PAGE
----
a) Schematic of the operating principle of nanotweezer. Initial                        ‘closed’ state at neutral pH                        (Left). Final ‘open’ state                        generated at low pH (Right). The plus                        signs in the ‘open’ state represent the location of                        engineered histidine residues which becomes positively charged at low pH                        thereby creating electrostatic repulsive forces; b) Nanotweezer                        mutants; Wild-Type (WT), Mutants M1, M2, M3, and the M3 control (M3CT). The                        position of glycine tag in WT and M3CT is shown in                        ‘bond’ representation. Position of His-tags and                        histidine mutations in other mutants is shown in dark shades.
© Copyright Policy
Related In: Results  -  Collection

Show All Figures
getmorefigures.php?uid=PMC2636583&req=5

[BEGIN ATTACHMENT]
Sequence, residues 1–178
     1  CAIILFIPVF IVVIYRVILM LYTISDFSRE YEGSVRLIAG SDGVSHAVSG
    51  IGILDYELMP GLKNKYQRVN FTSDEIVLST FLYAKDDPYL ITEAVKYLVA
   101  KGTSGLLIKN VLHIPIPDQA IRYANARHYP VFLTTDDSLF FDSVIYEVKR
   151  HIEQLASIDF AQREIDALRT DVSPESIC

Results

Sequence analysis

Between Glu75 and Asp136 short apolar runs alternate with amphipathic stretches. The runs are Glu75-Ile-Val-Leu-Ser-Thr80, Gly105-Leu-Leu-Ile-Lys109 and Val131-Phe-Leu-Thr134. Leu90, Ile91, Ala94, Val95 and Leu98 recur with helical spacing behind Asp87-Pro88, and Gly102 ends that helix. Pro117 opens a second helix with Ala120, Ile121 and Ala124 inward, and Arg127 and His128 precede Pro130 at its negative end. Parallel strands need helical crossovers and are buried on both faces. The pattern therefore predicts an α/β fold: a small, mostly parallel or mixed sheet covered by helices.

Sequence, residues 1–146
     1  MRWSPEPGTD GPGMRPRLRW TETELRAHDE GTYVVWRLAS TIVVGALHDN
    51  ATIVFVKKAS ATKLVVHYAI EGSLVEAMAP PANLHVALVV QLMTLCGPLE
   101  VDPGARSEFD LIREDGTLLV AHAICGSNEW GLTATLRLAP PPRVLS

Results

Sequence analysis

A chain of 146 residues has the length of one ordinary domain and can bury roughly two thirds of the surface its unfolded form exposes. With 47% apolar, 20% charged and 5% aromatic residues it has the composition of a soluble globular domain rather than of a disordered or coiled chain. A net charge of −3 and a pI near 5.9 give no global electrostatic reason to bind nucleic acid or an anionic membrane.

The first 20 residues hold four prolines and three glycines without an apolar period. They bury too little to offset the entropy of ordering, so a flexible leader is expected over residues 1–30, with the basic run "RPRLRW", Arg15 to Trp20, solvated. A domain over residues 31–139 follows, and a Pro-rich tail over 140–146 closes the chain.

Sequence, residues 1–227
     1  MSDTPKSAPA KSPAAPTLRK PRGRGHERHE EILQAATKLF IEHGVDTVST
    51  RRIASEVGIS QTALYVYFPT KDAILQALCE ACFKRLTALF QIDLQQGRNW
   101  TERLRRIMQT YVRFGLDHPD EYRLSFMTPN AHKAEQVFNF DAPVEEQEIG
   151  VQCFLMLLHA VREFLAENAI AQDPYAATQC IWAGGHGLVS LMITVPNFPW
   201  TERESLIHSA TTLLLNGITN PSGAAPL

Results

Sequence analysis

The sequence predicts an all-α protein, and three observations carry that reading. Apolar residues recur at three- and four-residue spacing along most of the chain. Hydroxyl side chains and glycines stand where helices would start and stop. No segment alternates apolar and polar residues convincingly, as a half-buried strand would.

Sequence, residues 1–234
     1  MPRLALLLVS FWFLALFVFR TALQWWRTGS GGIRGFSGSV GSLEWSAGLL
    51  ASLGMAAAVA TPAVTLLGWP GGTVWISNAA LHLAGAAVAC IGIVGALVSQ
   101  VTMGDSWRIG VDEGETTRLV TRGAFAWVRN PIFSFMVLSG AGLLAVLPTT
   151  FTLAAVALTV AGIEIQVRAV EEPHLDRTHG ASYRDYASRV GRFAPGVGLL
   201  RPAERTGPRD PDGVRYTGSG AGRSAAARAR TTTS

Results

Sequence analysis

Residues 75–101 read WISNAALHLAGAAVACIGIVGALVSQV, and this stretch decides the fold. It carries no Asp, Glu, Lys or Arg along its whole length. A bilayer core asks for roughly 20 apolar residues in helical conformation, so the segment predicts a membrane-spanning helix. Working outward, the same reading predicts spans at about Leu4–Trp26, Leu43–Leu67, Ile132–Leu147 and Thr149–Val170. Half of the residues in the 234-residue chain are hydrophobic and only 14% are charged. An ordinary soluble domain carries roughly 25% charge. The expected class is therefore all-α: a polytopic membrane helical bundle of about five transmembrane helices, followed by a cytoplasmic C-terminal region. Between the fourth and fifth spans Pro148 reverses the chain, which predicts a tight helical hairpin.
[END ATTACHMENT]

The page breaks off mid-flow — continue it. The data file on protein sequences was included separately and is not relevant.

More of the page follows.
f2-ijn-3-505: a) Schematic of the operating principle of nanotweezer. Initial ‘closed’ state at neutral pH (Left). Final ‘open’ state generated at low pH (Right). The plus signs in the ‘open’ state represent the location of engineered histidine residues which becomes positively charged at low pH thereby creating electrostatic repulsive forces; b) Nanotweezer mutants; Wild-Type (WT), Mutants M1, M2, M3, and the M3 control (M3CT). The position of glycine tag in WT and M3CT is shown in ‘bond’ representation. Position of His-tags and histidine mutations in other mutants is shown in dark shades.